Mandolin Orange’s “Wildfire” tells the epic narrative of slavery, sin, and The South coupled with guitar, mandolin, and haunting harmonies. The duo from Chapel Hill, North Carolina use the metaphor of a wildfire to convey how hatred has always rested at the heart of “the Land of the Free” and spreads, frighteningly, even now. 

Kevin Morby released “Beautiful Strangers” in 2016 as a protest song that feels/sounds more like a hymn than it does an anthem of hoped-for societal change. All of the proceeds from the song have gone to Everytown For Gun Safety (a nonprofit aimed at gun violence prevention) and Morby still plays the song at every live performance in order to help “spread the word.” The percussion propels the song forward, the acoustic guitar is wonderfully melodic, but its Morby’s voice and lyrics that remain long after the song ends. 

Do yourself a favor: Carve our 15 minutes to sit down and listen through the entirety of Ross Gay’s incredible poem “Catalog of Unabashed Gratitude” set to the flowing synths of Bon Iver. The poem proclaims a degree of wonder for that which has been given in addition to that which has been taken away (Job 1.21). And, because I don’t know how else to convey it, the whole thing feels alive. Enjoy. 

By Thine Own Rejected

Psalm 22.1-5

My God, my God, why have you forsaken me? Why are you so far from helping me, from the words of my groaning? O my God, I cry by day, but you do not answer; and by night, but find no rest. Yet you are holy, enthroned on the praises of Israel. In you our ancestors trusted; they trusted and you delivered them. To you they cried, and were saved; in you they trusted, and were not put to shame.

Mark 15.25-39

It was nine o’clock in the morning when they crucified him. The inscription of the charge against him read, “The King of the Jews.” And with him they crucified two bandits, one on his right and one on his left. Those who passed by derided him, shaking their heads and saying, “Aa! You who would destroy the temple and built it in three days, save yourself, and come down from the cross!” In the same way the chief priests, along with the scribes, were also mocking him among themselves and saying, “He saved others; he cannot save himself. Let the Messiah, the King of Israel, come down from the cross now, so that we may see and believe.” Those who were crucified with him also taunted him. When it was noon, darkness came over the whole land until three in the afternoon. At three o’clock Jesus cried out with a loud voice, “Eloi, Eloi, lama sabachthani?” which means, “My God, my God, why have you forsaken me?” When some of the bystanders heard it, they said, “Listen, he is calling for Elijah.” And someone ran, filled a sponge with sour wine, put it on a stick, and gave it to him to drink saying, “Wait, let us see whether Elijah will come to take him down.” Then Jesus gave a loud cry and breathed his last. And the curtain of the temple was torn  in two, from top to bottom. Now when the centurion, who stood facing him, saw that in this way he breathed his last, he said, “Truly this man was God’s Son!”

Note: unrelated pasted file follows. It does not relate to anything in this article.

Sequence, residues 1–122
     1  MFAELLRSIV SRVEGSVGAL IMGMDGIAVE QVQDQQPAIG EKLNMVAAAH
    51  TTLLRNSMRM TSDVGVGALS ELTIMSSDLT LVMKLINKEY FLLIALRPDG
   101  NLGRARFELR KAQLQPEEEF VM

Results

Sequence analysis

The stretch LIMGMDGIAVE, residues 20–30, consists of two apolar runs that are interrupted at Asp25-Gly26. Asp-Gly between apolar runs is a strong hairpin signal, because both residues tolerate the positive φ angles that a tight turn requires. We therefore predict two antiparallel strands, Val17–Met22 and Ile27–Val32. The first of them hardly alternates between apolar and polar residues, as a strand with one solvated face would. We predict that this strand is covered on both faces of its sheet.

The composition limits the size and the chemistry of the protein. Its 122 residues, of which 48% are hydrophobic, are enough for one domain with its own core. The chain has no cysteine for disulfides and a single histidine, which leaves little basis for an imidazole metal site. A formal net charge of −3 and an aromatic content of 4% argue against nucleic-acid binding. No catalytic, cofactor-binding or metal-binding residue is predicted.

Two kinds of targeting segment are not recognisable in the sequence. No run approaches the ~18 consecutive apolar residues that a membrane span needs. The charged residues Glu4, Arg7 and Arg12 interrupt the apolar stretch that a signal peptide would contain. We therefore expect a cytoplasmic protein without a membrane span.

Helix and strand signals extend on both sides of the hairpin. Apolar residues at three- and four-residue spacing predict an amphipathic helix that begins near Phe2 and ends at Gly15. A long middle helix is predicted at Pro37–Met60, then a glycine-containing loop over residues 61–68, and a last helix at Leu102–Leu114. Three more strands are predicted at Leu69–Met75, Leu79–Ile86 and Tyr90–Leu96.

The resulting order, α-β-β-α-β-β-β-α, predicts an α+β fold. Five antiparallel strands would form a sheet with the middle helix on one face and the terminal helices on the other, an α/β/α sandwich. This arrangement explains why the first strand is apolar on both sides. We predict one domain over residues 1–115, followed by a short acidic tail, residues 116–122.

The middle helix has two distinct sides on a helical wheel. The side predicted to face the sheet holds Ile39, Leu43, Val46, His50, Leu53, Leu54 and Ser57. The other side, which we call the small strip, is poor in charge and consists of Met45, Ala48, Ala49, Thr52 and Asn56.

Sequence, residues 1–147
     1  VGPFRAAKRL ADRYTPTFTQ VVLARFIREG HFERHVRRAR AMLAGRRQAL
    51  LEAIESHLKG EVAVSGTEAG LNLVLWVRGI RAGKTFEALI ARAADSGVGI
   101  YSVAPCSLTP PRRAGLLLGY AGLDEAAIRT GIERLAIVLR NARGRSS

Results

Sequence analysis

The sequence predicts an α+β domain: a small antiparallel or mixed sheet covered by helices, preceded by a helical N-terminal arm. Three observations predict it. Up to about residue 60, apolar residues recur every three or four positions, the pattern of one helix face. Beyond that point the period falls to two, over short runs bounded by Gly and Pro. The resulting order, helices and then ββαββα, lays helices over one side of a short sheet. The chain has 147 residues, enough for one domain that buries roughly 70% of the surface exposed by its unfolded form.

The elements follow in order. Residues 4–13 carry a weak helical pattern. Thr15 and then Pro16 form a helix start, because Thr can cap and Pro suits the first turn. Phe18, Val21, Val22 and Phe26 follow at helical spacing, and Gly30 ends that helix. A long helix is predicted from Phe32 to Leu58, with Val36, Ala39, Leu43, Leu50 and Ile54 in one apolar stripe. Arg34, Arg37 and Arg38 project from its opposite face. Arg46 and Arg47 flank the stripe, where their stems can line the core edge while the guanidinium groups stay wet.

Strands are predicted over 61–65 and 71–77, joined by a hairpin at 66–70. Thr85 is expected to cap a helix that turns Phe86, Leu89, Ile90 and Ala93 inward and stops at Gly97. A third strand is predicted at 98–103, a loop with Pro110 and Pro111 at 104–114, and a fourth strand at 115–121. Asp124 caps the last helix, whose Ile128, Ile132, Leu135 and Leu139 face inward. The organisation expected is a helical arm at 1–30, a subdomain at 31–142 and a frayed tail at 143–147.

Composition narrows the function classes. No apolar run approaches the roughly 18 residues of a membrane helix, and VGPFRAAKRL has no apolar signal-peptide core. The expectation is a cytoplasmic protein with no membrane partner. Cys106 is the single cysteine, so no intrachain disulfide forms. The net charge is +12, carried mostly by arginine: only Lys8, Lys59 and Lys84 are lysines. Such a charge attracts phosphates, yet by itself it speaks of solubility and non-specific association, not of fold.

It was early in the morning when they crucified Jesus. 

The night before he was breaking bread with his friends and sharing wine. He was washing feet and talking about the command to love.

But then he was betrayed and one by one his disciples deserted him and denied him.

He went on trial before the powers and principalities, accused of crimes uncommitted, and ultimately sentenced to death.

He was paraded through the city to mocking crowds. His weakness was such that someone was commanded to help him carry his cross, his instrument of death, all the way to Golgotha.

And in the early morning light, they crucified him.

Nailed his hands and feet to the wood, and lifted him high for all eyes to see.

One by one they came to see this “King of the Jews” and the mocked him. 

“You said you would destroy the temple and build it in three days! Good luck doing all that from up there!”

“You’ve saved others, let’s see if you can save yourself.”

“Come down from that cross you soon-to-be-dead-king, and we will believe you.”

Even those who were themselves hanging on crosses next to him lifted up their own taunts.

When it was noon, darkness came over the whole land and it lasted for three hours. And then, around three o’clock, Jesus cried out with a loud voice: “Eloi, Eloi, lama sabachthani?” and he died.

“My God, my God, why have you forsaken me?”

I have thought about those words for a long time.

I can remember sitting in a dimly lit sanctuary as a teenager hearing those words proclaimed from a rather portly-looking Jesus in a dramatic re-enactment.

I can remember coming across them in college and wondering why in the world Matthew and Mark decided to include them in their versions of the Gospel.